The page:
Avoid The Intrexon Hype
Avoid The Intrexon Hype
Sept. 20, 2019 6:32 PM ETIntrexon Corporation (XON)13 Comments
Intrexon Corporation (XON) has been on an interesting ride this year.
The CEO of the biotechnology company went on a big insider buying spree earlier this year before the stock had a massive run up.
XON has given back much of its gains and is sitting just over $6 / share today.
Intrexon Corporation (XON) has been on an interesting ride this year, starting the year in the $7/share range before dropping massively to $4-5/share, recovering back to the $8 range after an insider buying spree from the CEO during late spring/early summer, and now dropping again to the near-$6/share level it sits at today. To say the least, investors have been taken on quite the rollercoaster ride YTD in 2019. Let's take a closer look at the assets, fundamentals, and intrinsic value of the company.
A Look at Business Fundamentals
XON and its bulls talk a big game about its therapeutics in the clinical pipeline as well as a "methane bioconversion platform" that is associated with a massive market size. The company has two operating units - Intrexon Health and Intrexon Bioengineering, and at its core is a bioengineering company. The stock has built quite a following among retail and institutional shareholders alike, and I am not arguing the company does not have equity value.
At $1 billion market capitalization, though, with a great deal of marketing and hype without the full substance to back it up, the company does not fit in my investment portfolio. Unlike other therapeutic companies, XON is not focused specifically on advancing clinical therapeutics. There are too many distractions in my view that stem from the broad agenda and variety of assets that the corporate parent is trying to advance. With nearly 1000 employees, dwindling cash balances, accumulating debt, and just over $100m in sales to support the significant capital expenditures of the company, I am not sure this is a company from which I would expect outsize prospective equity returns.
Importantly, revenue from three of XON's four categories (on the income statement) - collaboration & licensing, product, and service - all fell for the first half of 2019 on a year-over-year basis. "Other" revenues increased on a YoY basis but this comprises the small minority of the company's revenue. Bull might claim the company is in "investing" mode for the future, but until the results are demonstrated in the financials, I am not a believer.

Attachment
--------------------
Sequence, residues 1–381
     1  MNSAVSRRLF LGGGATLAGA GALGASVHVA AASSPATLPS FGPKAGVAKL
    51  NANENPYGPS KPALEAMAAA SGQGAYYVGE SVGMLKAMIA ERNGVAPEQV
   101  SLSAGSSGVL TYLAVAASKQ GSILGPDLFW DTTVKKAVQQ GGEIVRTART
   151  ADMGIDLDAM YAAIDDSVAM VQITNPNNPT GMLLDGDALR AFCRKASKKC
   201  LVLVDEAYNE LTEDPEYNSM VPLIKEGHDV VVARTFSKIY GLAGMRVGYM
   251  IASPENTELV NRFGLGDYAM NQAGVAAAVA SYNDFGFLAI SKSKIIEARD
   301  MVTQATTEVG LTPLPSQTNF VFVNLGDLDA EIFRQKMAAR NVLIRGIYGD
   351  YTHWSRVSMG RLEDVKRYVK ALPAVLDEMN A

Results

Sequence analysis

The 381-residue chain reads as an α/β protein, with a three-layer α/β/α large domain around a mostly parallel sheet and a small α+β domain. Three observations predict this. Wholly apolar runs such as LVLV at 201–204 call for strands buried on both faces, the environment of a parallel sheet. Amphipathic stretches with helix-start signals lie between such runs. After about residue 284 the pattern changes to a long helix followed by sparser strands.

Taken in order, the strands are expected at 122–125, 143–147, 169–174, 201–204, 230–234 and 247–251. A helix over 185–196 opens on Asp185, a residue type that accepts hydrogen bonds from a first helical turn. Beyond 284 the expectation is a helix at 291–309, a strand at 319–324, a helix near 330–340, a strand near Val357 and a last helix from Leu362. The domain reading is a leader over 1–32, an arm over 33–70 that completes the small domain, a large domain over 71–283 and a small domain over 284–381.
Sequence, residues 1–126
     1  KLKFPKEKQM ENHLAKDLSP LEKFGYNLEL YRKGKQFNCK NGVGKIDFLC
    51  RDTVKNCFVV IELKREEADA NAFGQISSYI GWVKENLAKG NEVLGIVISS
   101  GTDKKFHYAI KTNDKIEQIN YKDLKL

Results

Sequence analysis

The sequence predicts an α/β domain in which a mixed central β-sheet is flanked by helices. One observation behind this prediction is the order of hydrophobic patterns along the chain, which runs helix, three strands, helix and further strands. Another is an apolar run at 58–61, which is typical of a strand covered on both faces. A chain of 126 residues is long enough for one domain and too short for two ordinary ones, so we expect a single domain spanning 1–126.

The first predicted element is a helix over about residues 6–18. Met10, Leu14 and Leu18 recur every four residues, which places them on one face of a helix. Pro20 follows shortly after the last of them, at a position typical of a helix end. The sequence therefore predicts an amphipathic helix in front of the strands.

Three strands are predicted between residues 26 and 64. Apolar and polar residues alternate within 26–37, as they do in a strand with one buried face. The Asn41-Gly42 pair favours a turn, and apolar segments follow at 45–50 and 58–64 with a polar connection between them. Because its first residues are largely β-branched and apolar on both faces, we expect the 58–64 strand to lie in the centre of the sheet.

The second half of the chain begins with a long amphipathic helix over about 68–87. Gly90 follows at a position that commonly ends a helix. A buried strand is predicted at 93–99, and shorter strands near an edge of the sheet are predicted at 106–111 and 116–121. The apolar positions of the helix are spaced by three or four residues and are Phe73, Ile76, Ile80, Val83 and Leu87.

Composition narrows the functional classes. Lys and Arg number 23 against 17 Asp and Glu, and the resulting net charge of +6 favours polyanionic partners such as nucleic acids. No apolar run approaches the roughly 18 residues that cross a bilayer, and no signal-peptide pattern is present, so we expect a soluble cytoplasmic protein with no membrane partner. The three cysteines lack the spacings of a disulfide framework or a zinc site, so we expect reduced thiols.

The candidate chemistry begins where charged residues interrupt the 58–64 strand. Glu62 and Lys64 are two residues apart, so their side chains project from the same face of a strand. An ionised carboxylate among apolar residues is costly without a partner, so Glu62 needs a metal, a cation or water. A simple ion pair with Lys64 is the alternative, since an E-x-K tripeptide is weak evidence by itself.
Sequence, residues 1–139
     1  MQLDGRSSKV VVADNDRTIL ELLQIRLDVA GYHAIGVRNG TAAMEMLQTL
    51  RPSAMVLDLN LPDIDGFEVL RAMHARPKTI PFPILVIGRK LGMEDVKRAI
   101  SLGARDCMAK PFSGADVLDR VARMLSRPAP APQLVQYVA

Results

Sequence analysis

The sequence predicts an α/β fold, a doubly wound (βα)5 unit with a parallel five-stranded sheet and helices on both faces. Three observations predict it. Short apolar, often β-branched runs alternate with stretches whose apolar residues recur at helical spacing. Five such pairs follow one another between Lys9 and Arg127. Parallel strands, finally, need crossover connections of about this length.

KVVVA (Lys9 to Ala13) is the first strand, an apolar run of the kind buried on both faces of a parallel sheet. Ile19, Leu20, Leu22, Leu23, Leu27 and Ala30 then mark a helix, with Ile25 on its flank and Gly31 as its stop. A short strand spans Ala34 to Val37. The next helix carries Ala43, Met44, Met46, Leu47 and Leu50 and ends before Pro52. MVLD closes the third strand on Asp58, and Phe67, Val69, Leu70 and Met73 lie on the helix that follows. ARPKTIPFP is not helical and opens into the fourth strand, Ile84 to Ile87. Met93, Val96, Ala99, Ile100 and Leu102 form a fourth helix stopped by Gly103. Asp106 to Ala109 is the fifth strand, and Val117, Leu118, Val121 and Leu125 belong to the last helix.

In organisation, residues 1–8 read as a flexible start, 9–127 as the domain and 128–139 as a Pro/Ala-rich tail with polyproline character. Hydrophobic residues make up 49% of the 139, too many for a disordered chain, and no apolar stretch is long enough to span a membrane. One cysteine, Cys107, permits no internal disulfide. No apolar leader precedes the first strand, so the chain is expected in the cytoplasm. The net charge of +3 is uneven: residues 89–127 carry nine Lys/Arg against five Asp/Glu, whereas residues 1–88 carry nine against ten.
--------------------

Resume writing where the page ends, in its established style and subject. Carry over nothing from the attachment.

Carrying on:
Intrexon also splits itself into two businesses: Intrexon Health and Intrexon Bioengineering. Intrexon Health has a number of therapeutic candidates in its pipeline, but all are quite early stage. Only a handful are in the clinic:
The remainder of Intrexon Health's subsidiary therapeutic candidates are all preclinical. The company discusses spinning off its Precigen subsidiary for an IPO once there is good clinical data, but I would ascribe too much value to this as clinical development is highly risky - especially at the earlier stages - and there exists a substantial possibility that the Health unit continues to destroy shareholder value into perpetuity.
With respect to Intrexon Bioengineering, there are actually some very interesting projects going on in that unit of the company:
Strategic partnerships have been inked across many of the Intrexon Bioengineering projects and I ascribe much more value to the business lines in this unit of the company. Keep an eye on each of these to see how much revenue the various partnerships and revenue streams are generating over upcoming quarters.
Of course, this "thesis to avoid" the company could be completely mistaken if management is able to execute on its clinical programs further. CEO Randal Kirk could go on more insider buying sprees in advance of positive data, causing a run up in the stock. However, in the long run, all stocks revert to fundamental value and I am not convinced the company is an attractive long investment.
The risk of acquisition also exists; given the company's diversified portfolio of assets and IP, the company could be a prospective M&A target for a larger strategic or financial buyer. However, I think the probability of this is also relatively low given the complexity of the business lines, the lack of fundamental developments to substantiate the company's current valuation including a control premium, and the complicated diligence process that would be a requirement for any serious buyer.
While there has been a fair amount of hype around XON, investors should probably avoid it for their portfolios until some more fundamental data emerges around the technology products the company is developing. Partnerships for partnerships' sake and press releases are probably not fundamental developments upon which to make an investment until there is execution.
Disclosure: I/we have no positions in any stocks mentioned, and no plans to initiate any positions within the next 72 hours. I wrote this article myself, and it expresses my own opinions. I am not receiving compensation for it (other than from Seeking Alpha). I have no business relationship with any company whose stock is mentioned in this article.